Groundwater hydrology todd pdf saline water has a higher mineral content than freshwater, it is denser and has a higher water pressure. As a result, saltwater can push inland beneath the freshwater. Water extraction drops the level of fresh groundwater, reducing its water pressure and allowing saltwater to flow further inland.
At the coastal margin, fresh groundwater flowing from inland areas meets with saline groundwater from the ocean. The fresh groundwater flows from inland areas towards the coast where elevation and groundwater levels are lower. Hydraulic head refers to the liquid pressure exerted by a water column: a water column with higher hydraulic head will move into a water column with lower hydraulic head, if the columns are connected. The higher pressure and density of saltwater causes it to move into coastal aquifers in a wedge shape under the freshwater. Ordinarily the inland extent of the saltwater wedge is limited because fresh groundwater levels, or the height of the freshwater column, increases as land elevation gets higher.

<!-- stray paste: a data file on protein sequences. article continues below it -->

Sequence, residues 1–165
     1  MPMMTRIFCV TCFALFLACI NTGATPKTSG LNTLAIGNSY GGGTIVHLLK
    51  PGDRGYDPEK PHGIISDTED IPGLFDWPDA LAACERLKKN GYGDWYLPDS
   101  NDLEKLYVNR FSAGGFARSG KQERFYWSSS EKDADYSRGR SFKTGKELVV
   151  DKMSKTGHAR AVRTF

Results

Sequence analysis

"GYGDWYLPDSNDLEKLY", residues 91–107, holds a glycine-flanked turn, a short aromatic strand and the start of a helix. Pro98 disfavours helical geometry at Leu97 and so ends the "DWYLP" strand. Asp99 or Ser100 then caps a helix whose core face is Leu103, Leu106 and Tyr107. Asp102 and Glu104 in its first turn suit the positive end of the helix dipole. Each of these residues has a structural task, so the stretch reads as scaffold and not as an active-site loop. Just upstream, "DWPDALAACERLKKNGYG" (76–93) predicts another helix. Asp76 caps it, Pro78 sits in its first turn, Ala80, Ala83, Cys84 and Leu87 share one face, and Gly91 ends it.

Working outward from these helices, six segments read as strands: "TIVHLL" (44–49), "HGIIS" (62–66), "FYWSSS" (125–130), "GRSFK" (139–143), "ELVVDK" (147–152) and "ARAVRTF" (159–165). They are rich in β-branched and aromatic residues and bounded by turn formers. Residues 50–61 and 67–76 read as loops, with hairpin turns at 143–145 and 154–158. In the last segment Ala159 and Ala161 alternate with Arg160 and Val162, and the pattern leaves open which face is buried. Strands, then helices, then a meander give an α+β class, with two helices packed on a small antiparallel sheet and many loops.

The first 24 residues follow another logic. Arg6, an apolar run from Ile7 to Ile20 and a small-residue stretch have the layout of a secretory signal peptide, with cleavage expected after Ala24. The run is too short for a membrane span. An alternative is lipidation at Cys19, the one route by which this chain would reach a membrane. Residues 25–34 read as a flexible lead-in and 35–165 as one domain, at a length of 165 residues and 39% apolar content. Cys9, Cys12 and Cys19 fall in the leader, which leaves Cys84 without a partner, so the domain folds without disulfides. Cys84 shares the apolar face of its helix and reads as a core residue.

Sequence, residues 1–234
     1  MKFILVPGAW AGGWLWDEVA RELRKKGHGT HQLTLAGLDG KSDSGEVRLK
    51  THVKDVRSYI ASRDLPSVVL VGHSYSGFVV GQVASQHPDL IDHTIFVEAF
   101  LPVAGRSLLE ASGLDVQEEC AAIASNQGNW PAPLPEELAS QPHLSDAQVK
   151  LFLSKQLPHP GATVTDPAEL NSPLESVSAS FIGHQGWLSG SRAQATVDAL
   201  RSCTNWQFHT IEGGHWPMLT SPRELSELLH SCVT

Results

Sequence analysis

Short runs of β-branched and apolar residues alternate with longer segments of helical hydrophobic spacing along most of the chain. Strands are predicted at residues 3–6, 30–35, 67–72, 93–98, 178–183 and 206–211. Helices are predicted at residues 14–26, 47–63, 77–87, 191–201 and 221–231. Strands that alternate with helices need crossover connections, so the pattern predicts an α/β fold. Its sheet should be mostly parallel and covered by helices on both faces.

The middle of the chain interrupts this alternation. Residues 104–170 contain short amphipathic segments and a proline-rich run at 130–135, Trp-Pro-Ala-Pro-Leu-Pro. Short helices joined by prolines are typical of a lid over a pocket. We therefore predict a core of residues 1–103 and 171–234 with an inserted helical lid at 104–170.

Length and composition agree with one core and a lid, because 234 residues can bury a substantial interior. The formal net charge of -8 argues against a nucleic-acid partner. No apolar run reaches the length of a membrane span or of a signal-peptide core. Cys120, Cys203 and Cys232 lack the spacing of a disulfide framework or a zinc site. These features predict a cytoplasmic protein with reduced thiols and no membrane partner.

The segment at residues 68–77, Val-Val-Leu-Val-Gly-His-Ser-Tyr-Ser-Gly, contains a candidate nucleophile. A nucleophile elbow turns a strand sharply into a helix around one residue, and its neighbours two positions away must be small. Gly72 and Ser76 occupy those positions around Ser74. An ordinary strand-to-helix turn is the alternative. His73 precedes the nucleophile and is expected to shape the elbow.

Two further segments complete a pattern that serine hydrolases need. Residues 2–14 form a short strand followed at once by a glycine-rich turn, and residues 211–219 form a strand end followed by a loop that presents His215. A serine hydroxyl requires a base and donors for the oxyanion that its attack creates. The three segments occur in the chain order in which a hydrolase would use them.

Groundwater is the main source of drinking water in many coastal areas of the United States, and extraction has increased over time. Under baseline conditions, the inland extent of saltwater is limited by higher pressure exerted by the freshwater column, owing to its higher elevation. Groundwater extraction can also lead to well contamination by causing upwelling, or upcoming, of saltwater from the depths of the aquifer. Under baseline conditions, a saltwater wedge extends inland, underneath the freshwater because of its higher density. Water supply wells located over or near the saltwater wedge can draw the saltwater upward, creating a saltwater cone that might reach and contaminate the well.